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There was a time when parents only needed to warn their kids of stranger danger. Social media changed that. Now they have to add the risk from the X-files into the mix.

They should tell their sons and daughters: “If you want to grow up to be prime minister, do be careful what you post on X, Instagram, Facebook, TikTok and the rest. One day some journalist will come trawling through everything - and anything out of place will return to haunt you.”

Perhaps Ian Gribbin didn’t get this advice from his mum and dad, or if he did he clearly ignored it. But once he became a Reform UK parliamentary candidate it was embarrassing to be reminded that in July, 2022 he wrote on a website that Britain would have been “far better” if it had “taken Hitler up on his offer of neutrality” instead of fighting the Nazis in World War Two.

And just to complete this act of political self-immolation, he added: “We need to exorcise the cult of Churchill and recognize that in both policy and military strategy, he was abysmal.”

The only thing which could have been worse for Rishi Sunak than leaving the 80th anniversary commemoration of D-Day early would have been to announce it would not have been necessary had we had a cup of tea and a civilised sit down with that nice Mr Hitler.

Mr Gribbin complained that his comments had been taken out of context, as was the one in which he dubbed women the “sponging gender” who should be “deprived of health care.” Having lost the support of Churchill fans, that’s his female vote down the Swanee. He, of course, apologised for his comments and withdrew them unreservedly, as these people do in such situations.

Anyone thinking of entering politics should learn a lesson from Mr Gribbin. Whatever goes online stays online. Social media has added an extra layer of slipperiness to the greasy poll of a political career.

Just look how many election candidates from all parties have been dropped during this campaign. All it takes is for some ill-advised posts from the past to come back to bite them on the bottom.

For some reason those who will later aspire to be politicians make more serious gaffes than ordinary people.This post. for instance, might leave its author feeling silly but it’s not career ending. “How on earth did they film Jurassic Park? I don’t understand how they could get sooo close to the dinosaurs #confused.” Or this: “How do you know if you’re lack toast and tolerant or not?”

Even before the advent of social media a few words out of place could bring careers crashing down. Just ask jeweller Gerald Ratner, the Sultan of Bling.

He thought he was joking with his audience at the Institute of Directors in 1991 when he told them: “We also do cut-glass sherry decanters complete with six glasses on a silver-plated tray that your butler can serve you drinks on, all for £4.95. People say, ‘How can you sell this for such a low price?’, I say, ‘because it’s total crap.’”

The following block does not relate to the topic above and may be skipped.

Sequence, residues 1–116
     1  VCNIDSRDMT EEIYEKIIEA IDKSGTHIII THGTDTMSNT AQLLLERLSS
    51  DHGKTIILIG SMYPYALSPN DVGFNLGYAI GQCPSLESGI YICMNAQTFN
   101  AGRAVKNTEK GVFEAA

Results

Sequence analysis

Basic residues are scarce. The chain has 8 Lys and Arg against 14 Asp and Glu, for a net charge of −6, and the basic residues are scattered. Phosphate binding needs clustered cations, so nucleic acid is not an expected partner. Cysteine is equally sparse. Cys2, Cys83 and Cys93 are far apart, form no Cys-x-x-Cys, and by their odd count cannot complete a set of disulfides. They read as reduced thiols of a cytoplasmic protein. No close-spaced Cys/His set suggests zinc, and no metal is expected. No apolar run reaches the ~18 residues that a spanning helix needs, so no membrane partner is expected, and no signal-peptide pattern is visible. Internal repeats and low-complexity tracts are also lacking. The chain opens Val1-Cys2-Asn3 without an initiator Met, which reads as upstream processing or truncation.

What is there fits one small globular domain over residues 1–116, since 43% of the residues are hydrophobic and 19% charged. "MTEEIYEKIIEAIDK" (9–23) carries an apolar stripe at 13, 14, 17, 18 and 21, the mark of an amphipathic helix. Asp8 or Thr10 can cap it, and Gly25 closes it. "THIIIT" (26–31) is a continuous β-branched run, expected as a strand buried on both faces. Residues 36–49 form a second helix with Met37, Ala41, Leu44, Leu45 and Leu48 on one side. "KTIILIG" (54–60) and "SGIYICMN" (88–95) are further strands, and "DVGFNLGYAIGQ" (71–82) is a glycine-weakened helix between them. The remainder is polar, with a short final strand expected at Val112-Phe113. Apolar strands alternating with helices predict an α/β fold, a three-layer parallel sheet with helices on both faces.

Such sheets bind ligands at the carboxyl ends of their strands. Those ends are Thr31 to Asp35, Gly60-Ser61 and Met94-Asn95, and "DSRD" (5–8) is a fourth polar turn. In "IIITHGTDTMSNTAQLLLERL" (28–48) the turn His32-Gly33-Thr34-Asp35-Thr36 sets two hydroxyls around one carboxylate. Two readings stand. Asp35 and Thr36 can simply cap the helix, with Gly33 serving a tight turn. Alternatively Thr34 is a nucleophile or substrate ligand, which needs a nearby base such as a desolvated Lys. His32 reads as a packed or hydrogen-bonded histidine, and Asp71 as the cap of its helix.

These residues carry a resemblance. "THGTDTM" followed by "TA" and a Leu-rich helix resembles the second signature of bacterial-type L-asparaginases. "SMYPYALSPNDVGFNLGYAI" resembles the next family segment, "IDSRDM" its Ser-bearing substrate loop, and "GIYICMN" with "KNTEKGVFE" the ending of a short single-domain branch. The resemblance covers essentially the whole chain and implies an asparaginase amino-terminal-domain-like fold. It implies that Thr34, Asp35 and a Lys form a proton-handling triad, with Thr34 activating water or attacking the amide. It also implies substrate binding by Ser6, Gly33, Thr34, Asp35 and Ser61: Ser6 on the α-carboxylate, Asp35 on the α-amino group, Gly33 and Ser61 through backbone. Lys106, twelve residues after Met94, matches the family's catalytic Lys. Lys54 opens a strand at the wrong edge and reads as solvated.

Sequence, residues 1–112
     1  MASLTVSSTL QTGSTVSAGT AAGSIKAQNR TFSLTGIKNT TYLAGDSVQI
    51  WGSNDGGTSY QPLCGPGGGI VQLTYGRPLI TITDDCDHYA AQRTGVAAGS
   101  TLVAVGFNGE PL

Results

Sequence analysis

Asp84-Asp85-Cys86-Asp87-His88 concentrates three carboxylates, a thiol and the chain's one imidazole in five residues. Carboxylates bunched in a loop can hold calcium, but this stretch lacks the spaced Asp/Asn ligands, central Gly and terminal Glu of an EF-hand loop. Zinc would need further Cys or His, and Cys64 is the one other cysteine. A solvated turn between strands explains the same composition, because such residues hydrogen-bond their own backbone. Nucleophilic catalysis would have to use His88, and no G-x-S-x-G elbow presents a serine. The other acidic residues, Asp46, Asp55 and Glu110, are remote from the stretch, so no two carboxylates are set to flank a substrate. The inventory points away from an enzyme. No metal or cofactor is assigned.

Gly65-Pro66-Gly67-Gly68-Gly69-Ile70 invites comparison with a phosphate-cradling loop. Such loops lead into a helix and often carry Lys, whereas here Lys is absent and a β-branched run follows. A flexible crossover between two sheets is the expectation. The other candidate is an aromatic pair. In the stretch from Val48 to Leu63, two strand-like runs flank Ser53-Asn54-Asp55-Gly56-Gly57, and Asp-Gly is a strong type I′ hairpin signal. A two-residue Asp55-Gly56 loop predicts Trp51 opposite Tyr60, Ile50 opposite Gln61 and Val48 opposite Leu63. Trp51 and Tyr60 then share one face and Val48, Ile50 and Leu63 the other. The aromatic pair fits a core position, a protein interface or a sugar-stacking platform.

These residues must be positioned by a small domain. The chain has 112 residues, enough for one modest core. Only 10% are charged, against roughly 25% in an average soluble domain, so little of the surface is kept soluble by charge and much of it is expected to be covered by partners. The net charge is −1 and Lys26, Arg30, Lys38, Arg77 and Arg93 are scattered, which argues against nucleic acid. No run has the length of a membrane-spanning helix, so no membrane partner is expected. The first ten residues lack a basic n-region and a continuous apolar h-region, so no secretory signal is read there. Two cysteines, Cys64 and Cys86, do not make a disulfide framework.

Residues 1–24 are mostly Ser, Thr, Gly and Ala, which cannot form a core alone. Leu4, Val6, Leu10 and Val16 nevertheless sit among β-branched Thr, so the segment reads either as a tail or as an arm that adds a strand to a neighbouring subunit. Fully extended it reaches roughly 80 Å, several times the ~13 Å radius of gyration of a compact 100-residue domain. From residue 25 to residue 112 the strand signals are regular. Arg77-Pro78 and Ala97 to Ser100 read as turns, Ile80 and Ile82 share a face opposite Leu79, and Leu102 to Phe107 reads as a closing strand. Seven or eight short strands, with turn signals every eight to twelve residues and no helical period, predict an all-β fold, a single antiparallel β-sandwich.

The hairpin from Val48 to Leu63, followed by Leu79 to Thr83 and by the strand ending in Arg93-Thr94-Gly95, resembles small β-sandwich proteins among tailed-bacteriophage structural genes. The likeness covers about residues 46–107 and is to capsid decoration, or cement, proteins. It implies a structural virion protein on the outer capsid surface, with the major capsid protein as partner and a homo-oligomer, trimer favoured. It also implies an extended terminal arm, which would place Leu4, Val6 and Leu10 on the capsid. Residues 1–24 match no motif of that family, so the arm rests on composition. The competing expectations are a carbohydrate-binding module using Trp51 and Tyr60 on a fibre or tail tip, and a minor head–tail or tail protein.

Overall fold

And he compounded the faux pas by adding that a set of earrings sold in his shops was cheaper than a prawn sandwich - but the sandwich would probably last longer.

The Ratner group lost £500million as its value plummeted and Gerald lost his job.

In 2010 then PM Gordon Brown had his election campaign thrown into disarray when a microphone he had forgotten to take off picked him up calling a Labour supporter a “bigoted woman” after she tackled him on the economy and immigration.

Boris Johnson hid in a fridge stacked with milk bottles to avoid a TV interviewer during the 2019 campaign, and on the 2001 election trail deputy PM John Prescott punched a voter.

While this did not seem to do Labour much harm at the time, it would be best not to deploy this too often as a canvassing technique.

READ MORE OPINION:

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So here’s a check list for every politician as we go into the final three weeks of the election race.

1) Look back at your social media and delete anything you might struggle to stand by.

2) Treat every microphone you encounter as live.

3) And don’t stand in front of one which makes you look like you've grown a Hitler moustache.

4) Check your backdrop before being photographed. If you’re standing in front of a big high street sign advertising “Doorknobs on sale here”, remember how easy it is to crop out the word ”door”.

5) And if you’re invited to a World War Two commemoration event stay till the very end.

Good luck.

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